TELECOM Digest OnLine - Sorted: Re: Party Line Dialing

Re: Party Line Dialing
21 Feb 2007 09:29:11 -0800

On Feb 20, 12:06 am, Neal McLain <> wrote:

> - Holly, Michigan. All numbers were in the form MElrose 4-XXXX and
> MElrose 7-XXXX; the initial 3 and 6 were absorbed.

Speaking of digit absorbtion, this was a major step as part of DDD.
In this way a town could have an addressable 10 digit nationally
unique phone number. However, locally residents would continue to
dial 5 digits. More importantly, Bell did not have to install more
switches in the chain to handle 7 digits, which would have been a huge

As an aside, an employer once had digit absorbtion in their centrex
which I discovered by accident. Their number was nnx-3000 (no longer
used for that organization today) and all extensions were 3xxx. I was
curious as to other access codes (8-n accessed various tie lines), so
I experimented. It turned out that the first 3 was absorbed. That
is, to call ext 3256 one needed to dial only 256. My co-workers
thought that discovery was pretty neat. BTW, the attendant
switchboard was a cord board, not a console; I thought consoles were
standard with Centrex.

> [TELECOM Digest Editor's Note:

> the 1940's the village of Niles Center, Illinois (the former name of
> the village of Skokie), in its wisdom chose to destroy a perfectly
> beautiful apple orchard in order to build a commercial enterprise,

Was it the city govt that did it or a private transaction between the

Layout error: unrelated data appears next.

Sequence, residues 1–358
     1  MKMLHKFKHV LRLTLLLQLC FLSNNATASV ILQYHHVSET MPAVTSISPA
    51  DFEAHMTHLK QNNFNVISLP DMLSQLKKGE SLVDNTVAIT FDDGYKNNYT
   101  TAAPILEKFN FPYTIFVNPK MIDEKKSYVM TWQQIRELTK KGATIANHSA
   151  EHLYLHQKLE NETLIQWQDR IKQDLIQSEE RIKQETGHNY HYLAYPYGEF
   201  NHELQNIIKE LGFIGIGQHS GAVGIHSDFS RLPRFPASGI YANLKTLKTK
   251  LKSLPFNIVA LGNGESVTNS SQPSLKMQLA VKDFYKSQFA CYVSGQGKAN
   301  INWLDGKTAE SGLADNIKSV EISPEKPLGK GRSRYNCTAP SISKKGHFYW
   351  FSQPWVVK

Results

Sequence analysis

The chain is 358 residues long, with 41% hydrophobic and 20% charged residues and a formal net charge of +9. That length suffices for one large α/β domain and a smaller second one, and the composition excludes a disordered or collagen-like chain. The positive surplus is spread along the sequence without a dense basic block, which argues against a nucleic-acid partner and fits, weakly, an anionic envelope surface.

owner of the farm and the developer?

> I am sure the farmer who owned the orchard which had been there for
> over a century prior must be very proud of what became of his land
> and his beautiful trees, etc.

In developing areas, the price offered to farmers for their land is
very, very generous. It's far more than they can earn farming the
land. It's really a no-brainer for them -- take a bundle of money and
then not have to do anything, or keep working their tails off for very

A second consideration is that after an area develops, the new
residents don't like the farms and give them grief. That is, they
discover that farming is not quaint like "Pepperidge Farm" covers or
Currier & Ives, but rather quite noisy and smelly, with slow farm
vehicles blocking the roads and chemicals in the air. The new
residents go to court and pass nuisance laws effectively shutting the
farms down. Further, the farmers get vandalized and robbed. It's no
wonder farmers sell out.

Oddly, the new residents don't want that either. They want the farmer
to hold onto the land so it isn't developed, but not earn any money
from it. (Yes, people actually say this at public meetings).

As to local jails, in NYC the big stores have their own private jails
(big article in the NYT on that.) Apparently legal.

[TELECOM Digest Editor's Note: Skokie did it with 'emminent domain',
which was the same thing here when Walmart had their eyes set on the
West Main Street property they eventually took over. Apparently the
theory of emminent domain can be liberally interpreted. At one point,